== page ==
Tuesday, April 16, 2013
THE DEVIL'S BONES -- Now Available on Kindle
The Devil's Bones, my first modern-day mystery (set in Indiana), is now available on Kindle.
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SYNOPSIS: When a late-summer drought drains a pond outside of the small town of Dukaine, Indiana, old secrets quickly come to the surface. A small skeleton is revealed in the mud, and everyone in town is convinced the bones belong to Tito Cordova, an eight-year-old boy who disappeared nineteen years earlier. Dukaine is home to the SunRipe plant, a tomato processing plant that relies on migrant workers to work the fields surrounding the town. Tito's mother, Esperanza, was a year-round resident. Both mother and son were just a bad memory, and Tito's disappearance was thought to be best forgotten by most of the town's residents. When the marshal of Dukaine is lured to the pond and shot, the investigation falls to deputy Jordan McManus. Racing against time, and under the threat of his own arrest as a suspect in the shooting, Jordan must dig deep into the past, and face the possibility that Tito Cordova might still be alive. Has Tito come back to Dukaine to exact bloody revenge? Or is there a different murderer on the loose, using the past as a cover for crimes in the present? After another murder occurs, Jordan McManus finds himself squarely in the crosshairs of the law and a cold-blooded killer. Even if Jordan survives, nothing in Dukaine will ever be the same.
Review by Matthew P. Mayo -- June 18, 2012:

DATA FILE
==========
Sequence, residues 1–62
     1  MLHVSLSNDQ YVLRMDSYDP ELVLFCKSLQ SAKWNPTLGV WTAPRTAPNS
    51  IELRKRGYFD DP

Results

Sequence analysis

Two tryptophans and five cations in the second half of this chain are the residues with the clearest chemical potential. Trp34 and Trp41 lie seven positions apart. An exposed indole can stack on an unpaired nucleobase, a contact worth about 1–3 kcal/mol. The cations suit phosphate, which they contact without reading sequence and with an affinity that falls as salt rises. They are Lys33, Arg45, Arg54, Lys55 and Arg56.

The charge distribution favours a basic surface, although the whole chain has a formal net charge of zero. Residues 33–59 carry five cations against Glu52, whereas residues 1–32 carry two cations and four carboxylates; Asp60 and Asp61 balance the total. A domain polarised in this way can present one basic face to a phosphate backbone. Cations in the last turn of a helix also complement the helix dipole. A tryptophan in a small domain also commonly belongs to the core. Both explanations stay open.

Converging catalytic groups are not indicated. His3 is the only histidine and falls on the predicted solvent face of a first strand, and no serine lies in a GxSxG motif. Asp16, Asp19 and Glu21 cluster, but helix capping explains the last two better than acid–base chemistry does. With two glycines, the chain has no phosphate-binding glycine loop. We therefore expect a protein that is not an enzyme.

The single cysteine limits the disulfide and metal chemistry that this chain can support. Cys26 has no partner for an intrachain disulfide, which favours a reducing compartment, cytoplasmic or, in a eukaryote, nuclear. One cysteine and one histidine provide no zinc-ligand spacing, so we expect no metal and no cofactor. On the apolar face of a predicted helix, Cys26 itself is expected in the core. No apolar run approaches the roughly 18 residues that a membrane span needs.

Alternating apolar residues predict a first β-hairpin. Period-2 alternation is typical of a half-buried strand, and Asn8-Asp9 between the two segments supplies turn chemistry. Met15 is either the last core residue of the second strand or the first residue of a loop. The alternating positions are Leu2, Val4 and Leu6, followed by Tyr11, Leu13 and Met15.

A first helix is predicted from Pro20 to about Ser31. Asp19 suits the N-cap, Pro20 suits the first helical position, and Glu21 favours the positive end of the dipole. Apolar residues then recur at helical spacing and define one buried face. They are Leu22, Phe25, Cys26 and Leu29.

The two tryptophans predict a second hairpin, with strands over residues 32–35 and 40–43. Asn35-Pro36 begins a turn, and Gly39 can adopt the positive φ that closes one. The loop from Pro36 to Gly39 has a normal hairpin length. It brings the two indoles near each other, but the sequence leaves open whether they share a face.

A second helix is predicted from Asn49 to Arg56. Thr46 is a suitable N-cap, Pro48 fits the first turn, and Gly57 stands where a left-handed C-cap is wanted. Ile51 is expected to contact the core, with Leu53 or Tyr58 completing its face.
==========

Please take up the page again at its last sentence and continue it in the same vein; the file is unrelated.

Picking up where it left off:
Readers familiar with Larry D. Sweazy's (much deserved) award-winning Western novels and short stories will find THE DEVIL'S BONES, his new mystery, to be a gripping read sure to top a number of this year's "Best of" lists. THE DEVIL'S BONES is packed with Sweazy's masterful storyteller's voice, his thoughtful pacing and description, and the complex emotional power his readers have come to know and expect from his writing. And Sweazy isn't afraid to tackle themes that make lesser writers wince. At times reminiscent of such masters of crime writing as Loren D. Estleman, Elmore Leonard, and Joe R. Lansdale, but in wholly his own voice, Larry D. Sweazy is carving a bold spot for himself in the mystery world. Here's hoping the tight, no punches pulled, no emotions spared writing in THE DEVIL'S BONES marks the first of many such works from this emerging master.
Review by Ken Pelham -- April 08, 2012:
The Devil's Bones, by Larry D. Sweazy, Five Star Publishing, 2012. Mystery. When the skeleton of a child turns up in a dried-up pond on the outskirts of a small Indiana town, policeman Jordan McManus’s life spins suddenly out of control, as sordid events of the past bubble to the surface. The town’s dark side—its treatment of Mexican farm workers, and its hidden meth labs—fuels the narrative with moral anger and a clear-eyed view of depravity. If John Steinbeck had collaborated with John D. MacDonald, this is the novel they might have written. Alternating scenes between present and past, Sweazy deftly weaves a story that gets to the heart of good and evil, and keeps you guessing to the end as to the secrets and motivations of those on either side of that thin line. Well-written and tightly plotted, The Devil’s Bones delivers the goods like a .38 slug to the gut.
Bookgasm.com -- March 19, 2012 -- by Bruce Grossman: